skin sensitisation: in vivo (non-LLNA)
Type of information:
experimental study
Adequacy of study:
weight of evidence
Reliability:
2 (reliable with restrictions)
Rationale for reliability incl. deficiencies:
other: Acceptable well-documented peer-reviewed reports.
Qualifier:
no guideline available
Principles of method if other than guideline:
Summary of sensitization study results (non-human and human) conducted with monosaccharides, disaccharides, and related Ingredients as used in cosmetics.
GLP compliance:
not specified
Type of study:
patch test
Justification for non-LLNA method:
review data
Reading:
other: Mono- and disaccharides did not produe hypersensitivity skin reactions when tested in animals and In human repeated insult patch tests (HRIPTs).
Remarks on result:
other: Reading: other: Mono- and disaccharides did not produe hypersensitivity skin reactions when tested in animals and In human repeated insult patch tests (HRIPTs).

A face and neck formulation containing 2.48% lactose did not produce irritation or hypersensitivity in a 4-wk safety-in use ophthalmological evaluation. Thirty-one subjects participated in the study.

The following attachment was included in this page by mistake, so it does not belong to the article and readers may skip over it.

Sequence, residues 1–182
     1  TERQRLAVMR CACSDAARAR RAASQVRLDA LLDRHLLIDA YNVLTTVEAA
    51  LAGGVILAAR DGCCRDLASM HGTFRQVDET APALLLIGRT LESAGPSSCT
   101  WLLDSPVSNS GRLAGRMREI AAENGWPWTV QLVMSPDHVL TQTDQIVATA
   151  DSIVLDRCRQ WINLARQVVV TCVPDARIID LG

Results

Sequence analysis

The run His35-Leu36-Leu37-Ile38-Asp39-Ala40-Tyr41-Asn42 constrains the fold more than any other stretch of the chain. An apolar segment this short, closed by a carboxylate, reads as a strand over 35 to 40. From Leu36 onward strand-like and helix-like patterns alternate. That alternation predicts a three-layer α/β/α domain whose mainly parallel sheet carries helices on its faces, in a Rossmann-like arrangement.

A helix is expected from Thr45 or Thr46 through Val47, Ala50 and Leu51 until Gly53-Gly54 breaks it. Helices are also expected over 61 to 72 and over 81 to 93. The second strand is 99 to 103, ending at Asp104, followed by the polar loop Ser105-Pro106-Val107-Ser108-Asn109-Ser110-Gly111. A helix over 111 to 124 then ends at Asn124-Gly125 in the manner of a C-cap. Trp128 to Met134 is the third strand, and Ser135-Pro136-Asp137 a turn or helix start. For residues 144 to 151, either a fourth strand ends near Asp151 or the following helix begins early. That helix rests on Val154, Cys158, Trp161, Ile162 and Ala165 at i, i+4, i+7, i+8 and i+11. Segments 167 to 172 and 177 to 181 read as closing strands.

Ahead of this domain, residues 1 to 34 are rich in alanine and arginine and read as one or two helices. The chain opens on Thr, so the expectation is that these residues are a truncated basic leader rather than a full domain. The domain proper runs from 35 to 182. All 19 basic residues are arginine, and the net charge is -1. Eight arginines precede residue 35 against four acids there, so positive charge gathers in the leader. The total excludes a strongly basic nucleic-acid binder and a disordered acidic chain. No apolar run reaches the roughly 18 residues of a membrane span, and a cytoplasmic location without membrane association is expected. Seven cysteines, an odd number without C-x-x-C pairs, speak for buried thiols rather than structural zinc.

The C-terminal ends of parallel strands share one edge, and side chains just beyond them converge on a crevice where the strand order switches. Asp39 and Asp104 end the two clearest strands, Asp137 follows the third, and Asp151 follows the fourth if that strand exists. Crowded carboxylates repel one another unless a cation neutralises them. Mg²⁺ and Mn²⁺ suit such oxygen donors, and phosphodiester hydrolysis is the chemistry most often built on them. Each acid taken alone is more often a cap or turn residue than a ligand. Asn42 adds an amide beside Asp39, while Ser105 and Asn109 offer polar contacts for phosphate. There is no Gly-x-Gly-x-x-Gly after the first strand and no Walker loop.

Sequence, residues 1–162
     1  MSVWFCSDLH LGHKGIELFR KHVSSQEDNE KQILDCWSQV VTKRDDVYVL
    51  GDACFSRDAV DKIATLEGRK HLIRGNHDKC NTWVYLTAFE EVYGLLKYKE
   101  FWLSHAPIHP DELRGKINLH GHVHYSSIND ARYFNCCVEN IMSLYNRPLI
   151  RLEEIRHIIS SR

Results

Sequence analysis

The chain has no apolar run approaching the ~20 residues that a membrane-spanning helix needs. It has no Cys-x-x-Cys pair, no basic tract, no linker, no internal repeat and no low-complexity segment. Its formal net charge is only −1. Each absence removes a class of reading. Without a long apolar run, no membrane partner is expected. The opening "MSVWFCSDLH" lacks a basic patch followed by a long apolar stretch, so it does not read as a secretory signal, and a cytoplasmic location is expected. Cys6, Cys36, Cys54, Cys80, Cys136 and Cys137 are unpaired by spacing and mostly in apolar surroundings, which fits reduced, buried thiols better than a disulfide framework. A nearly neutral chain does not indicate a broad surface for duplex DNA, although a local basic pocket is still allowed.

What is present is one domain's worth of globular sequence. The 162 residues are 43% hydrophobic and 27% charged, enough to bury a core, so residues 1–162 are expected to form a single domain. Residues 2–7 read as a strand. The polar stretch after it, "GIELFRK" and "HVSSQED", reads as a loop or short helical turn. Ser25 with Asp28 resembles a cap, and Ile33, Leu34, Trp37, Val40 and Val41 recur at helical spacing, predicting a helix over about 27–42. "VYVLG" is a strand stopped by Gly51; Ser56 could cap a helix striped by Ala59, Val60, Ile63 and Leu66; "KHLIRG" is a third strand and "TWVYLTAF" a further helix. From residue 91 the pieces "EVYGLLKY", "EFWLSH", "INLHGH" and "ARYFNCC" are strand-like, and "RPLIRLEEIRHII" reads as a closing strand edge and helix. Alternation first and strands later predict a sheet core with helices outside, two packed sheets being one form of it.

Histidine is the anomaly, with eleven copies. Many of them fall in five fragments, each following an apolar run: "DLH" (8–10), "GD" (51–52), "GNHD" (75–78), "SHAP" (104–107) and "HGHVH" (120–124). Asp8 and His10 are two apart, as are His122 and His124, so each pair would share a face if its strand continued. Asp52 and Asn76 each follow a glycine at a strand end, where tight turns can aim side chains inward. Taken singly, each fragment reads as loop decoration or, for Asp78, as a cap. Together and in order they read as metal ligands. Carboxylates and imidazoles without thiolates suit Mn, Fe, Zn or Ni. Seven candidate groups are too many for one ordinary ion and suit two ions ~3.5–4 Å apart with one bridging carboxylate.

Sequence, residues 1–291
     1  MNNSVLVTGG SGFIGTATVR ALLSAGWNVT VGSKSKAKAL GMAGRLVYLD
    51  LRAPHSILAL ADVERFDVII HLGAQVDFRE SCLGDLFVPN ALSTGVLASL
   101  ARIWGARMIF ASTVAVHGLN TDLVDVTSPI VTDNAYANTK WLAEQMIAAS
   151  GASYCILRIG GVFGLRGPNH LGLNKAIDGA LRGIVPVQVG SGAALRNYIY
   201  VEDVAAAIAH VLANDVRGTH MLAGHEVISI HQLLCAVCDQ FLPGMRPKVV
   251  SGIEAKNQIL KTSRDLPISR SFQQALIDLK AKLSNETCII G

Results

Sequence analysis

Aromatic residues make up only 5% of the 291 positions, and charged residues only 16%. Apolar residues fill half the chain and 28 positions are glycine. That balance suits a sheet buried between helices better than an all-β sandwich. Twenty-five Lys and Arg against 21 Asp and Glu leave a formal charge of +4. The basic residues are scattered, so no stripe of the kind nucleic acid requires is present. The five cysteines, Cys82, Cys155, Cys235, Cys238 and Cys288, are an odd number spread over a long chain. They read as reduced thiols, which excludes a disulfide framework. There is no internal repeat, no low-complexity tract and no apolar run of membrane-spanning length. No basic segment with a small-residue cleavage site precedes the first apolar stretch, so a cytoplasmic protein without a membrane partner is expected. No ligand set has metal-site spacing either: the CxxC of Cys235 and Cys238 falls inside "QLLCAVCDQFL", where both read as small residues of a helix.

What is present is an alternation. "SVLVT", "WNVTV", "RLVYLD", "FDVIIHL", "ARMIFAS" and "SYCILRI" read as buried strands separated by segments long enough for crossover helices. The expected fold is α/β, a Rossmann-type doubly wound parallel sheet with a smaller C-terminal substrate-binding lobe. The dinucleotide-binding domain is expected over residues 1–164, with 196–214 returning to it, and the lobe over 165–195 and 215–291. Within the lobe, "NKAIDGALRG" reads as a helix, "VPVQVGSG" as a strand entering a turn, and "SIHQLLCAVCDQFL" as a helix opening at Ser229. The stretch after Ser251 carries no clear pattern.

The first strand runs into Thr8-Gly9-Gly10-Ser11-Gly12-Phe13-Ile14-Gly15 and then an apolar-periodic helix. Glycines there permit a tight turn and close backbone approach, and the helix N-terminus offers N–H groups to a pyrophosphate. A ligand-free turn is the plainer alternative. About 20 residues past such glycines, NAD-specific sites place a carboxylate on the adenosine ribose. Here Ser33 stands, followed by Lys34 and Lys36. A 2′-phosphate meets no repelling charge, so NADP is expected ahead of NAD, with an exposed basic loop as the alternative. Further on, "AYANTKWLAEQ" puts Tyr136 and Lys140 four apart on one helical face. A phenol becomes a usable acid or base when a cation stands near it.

In non-human studies, a 50% aq. solution of gluconic acid was not a dermal irritant and lactitol was not an irritant or sensitizer in rabbits. In human repeated insult patch tests (HRIPTs), formulations containing 10% rhamnose, up to 8% glucose, 5% mannose, 2.48% lactose, and less than 1% isomalt, kefiran, lactitol, sucralose, and xylobiose were not irritants or sensitizers. A formulation containing 10% rhamnose did induce a significant irritation reaction in one subject, and irritation was observed in 16% of the subjects during induction in an HRIPT of a rinse-off hair product containing 29% sucrose (tested as a 50% dilution); no sensitization reactions were reported for this product.

Interpretation of results:
not sensitising
Conclusions:
Calcium gluconate and gluconic acid, structurally similar anlogues to glucoheptonates, have been assessed by the Panel as non-sensitizers in cosmetic formulations.
Executive summary:

"The Panel acknowledged that sucrose and glucose are used in cosmetics at relatively high concentrations, and that data from irritation and sensitization studies at maximum use concentrations of these ingredients are lacking; however, based on the clinical experience of the Panel, there is little concern that these ingredients are irritants or sensitizers".